Topical Area: Medical Nutrition
Objectives : Introduction: Scar assessment scales are used for a number of scars related to surgical procedures, burns and trauma. These objective and subjective scales help to assess the physical characteristics, pathological wound healing and overall esthetics related to scarring. Select nutrients play a vital role in tissue repair and wound healing.
Case Description: A 28-year old female underwent a cesarean section delivery due to a frank breech positioning of the baby. The patient was considered to be within a healthy BMI range pre-pregnancy (BMI=23.5) and consumed an overall healthy diet, as determined by the Dietary Guidelines for Americans. After surgery, she consumed two packets of Juven© daily mixed with 500-1,000mL water, for two weeks, to aid in wound healing. This oral nutrition supplement is composed of L-arginine, L-glutamine, collagen protein, β-hydroxy-β -methylbutyrate and vitamins and minerals; each nutrient with evidence-based support to boost wound healing. An obstetrician performed scar evaluations at two-weeks postpartum to identify short-term wound outcomes. The Stony Brook Scar Evaluation Scale (score 5 of 5) and the Manchester Scar Scale (score 8 of 18) revealed positive measures.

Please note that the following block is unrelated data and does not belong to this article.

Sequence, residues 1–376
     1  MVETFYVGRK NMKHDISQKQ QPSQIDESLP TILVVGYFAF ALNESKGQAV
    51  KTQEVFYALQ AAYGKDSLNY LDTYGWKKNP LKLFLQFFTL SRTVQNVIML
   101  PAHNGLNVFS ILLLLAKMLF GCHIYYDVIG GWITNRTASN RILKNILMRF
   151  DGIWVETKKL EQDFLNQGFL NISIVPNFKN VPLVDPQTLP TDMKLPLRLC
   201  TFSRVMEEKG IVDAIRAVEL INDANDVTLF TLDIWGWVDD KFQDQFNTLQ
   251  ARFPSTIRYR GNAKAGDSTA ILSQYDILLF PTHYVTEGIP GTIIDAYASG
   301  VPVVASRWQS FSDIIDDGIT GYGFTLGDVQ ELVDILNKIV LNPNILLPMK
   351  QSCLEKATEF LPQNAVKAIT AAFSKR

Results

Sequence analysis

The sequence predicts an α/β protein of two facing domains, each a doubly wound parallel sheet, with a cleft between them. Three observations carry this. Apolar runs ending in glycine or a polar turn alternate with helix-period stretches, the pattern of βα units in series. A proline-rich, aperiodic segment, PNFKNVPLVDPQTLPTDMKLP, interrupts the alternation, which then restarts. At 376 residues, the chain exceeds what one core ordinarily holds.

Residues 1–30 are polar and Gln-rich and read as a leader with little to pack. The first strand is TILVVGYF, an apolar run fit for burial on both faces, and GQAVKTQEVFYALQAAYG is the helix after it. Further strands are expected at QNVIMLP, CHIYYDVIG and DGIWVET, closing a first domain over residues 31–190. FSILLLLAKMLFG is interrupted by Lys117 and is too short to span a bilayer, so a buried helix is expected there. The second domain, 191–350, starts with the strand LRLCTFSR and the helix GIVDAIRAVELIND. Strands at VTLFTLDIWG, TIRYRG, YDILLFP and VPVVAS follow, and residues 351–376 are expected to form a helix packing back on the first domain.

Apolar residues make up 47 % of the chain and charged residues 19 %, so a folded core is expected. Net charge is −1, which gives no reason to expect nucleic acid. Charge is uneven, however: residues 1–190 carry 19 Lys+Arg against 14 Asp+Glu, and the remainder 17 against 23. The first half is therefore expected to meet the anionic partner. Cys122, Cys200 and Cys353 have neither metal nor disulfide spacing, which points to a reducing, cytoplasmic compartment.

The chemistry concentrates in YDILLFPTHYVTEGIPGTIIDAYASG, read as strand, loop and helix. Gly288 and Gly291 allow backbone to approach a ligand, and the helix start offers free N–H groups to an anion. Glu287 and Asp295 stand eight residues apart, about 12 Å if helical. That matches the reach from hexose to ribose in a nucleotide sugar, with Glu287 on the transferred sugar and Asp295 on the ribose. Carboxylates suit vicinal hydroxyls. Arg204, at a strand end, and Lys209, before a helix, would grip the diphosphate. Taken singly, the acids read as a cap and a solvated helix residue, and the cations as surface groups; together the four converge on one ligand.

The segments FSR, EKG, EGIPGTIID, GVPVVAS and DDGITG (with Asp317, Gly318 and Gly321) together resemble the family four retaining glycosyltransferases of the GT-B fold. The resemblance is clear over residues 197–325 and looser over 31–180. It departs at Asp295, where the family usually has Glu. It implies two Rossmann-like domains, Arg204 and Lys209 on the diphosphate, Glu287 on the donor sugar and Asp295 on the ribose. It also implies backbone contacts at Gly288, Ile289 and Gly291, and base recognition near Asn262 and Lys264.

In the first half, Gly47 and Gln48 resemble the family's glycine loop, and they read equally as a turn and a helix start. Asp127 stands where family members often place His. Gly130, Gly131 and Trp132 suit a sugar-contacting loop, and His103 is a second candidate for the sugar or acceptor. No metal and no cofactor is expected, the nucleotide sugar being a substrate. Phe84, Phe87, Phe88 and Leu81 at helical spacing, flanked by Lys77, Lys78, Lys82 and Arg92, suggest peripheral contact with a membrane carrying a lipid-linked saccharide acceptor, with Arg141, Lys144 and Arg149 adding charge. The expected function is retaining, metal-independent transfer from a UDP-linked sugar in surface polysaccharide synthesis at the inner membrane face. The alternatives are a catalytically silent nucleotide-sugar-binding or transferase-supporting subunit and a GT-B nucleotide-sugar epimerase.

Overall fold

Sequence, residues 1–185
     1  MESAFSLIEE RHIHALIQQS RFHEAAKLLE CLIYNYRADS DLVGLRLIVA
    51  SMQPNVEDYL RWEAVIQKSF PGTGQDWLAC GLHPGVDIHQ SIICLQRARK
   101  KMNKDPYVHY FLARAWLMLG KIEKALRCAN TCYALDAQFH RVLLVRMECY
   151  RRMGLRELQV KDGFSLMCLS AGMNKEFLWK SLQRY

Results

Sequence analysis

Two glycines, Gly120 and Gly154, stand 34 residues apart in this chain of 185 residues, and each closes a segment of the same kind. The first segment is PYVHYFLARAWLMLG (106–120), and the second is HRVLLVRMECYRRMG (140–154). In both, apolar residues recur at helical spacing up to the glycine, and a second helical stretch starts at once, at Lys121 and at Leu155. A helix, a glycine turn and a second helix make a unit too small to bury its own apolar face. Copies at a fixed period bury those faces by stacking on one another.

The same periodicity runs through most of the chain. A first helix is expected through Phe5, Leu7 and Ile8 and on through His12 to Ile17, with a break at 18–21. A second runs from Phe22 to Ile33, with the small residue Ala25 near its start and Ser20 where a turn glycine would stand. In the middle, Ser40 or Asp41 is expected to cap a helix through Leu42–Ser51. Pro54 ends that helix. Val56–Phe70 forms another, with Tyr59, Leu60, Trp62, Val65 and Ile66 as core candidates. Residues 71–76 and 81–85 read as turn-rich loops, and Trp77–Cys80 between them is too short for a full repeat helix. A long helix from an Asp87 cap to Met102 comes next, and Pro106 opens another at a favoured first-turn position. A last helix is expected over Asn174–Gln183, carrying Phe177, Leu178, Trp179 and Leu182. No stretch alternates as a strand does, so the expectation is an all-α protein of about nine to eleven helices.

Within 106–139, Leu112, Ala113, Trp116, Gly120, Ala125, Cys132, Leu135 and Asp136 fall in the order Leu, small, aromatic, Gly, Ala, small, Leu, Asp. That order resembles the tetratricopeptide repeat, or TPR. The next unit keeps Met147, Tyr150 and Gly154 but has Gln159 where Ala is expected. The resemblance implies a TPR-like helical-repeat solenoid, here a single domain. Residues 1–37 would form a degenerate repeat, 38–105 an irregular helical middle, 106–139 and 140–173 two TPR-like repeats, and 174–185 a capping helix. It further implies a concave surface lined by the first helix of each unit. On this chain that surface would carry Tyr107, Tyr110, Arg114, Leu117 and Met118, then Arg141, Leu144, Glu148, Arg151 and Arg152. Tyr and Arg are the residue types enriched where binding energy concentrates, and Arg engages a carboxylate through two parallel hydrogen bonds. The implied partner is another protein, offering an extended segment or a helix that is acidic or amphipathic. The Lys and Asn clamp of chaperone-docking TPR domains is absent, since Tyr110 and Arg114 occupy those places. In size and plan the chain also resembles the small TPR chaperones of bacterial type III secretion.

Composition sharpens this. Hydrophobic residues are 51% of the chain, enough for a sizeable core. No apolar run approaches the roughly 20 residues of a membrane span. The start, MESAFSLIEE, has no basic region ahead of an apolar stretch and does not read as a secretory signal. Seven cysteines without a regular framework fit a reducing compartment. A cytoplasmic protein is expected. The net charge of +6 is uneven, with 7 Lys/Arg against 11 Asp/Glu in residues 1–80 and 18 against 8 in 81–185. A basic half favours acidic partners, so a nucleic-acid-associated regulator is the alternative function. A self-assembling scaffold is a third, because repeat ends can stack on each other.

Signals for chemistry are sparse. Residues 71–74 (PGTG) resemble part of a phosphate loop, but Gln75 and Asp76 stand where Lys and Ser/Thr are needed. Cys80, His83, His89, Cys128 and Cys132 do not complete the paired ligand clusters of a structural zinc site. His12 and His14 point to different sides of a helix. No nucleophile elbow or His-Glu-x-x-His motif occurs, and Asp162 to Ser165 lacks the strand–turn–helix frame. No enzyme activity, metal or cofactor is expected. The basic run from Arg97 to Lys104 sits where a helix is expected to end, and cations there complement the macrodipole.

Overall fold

Discussion: Pathological scarring can be associated with substantial physical and psychological complications. Women who undergo cesarean sections are seeking ways to minimize the physical scar appearance and pathological wound healing. A twice daily supplementation of Juven© can assist in improvement in the visual cosmetic appearance and overall physical characteristics of scarring due to cesarean section. According to the results from scar scales utilized in this case, this surgical incision indicates “best possible scar”.
An oral nutrition supplement, used as an intervention post-cesarean section, can optimize scar appearance and overall wound healing. This case report gives insight as to how nutrition can play a role in revitalizing standard treatment after surgery. While this is just one case, there is an opportunity to enhance the physiological and psychological recovery from surgical scars, such as from a cesarean section.
Funding Sources : No funding to report.
University of North Florida